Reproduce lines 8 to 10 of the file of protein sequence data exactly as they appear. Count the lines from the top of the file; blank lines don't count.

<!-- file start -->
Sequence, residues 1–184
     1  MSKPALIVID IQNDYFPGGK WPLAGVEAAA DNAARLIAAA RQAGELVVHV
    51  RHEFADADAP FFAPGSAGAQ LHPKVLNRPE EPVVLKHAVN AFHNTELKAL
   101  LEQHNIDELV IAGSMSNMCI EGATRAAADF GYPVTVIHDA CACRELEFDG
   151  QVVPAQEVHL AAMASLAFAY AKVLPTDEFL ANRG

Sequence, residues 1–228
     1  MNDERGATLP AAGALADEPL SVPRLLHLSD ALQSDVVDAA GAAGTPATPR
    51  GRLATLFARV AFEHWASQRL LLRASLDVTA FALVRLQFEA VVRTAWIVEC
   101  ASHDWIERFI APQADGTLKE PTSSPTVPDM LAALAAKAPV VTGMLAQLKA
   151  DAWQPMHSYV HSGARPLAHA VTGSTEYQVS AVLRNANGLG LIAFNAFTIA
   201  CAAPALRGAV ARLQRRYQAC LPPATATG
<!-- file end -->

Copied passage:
    51  GRLATLFARV AFEHWASQRL LLRASLDVTA FALVRLQFEA VVRTAWIVEC
   101  ASHDWIERFI APQADGTLKE PTSSPTVPDM LAALAAKAPV VTGMLAQLKA
   151  DAWQPMHSYV HSGARPLAHA VTGSTEYQVS AVLRNANGLG LIAFNAFTIA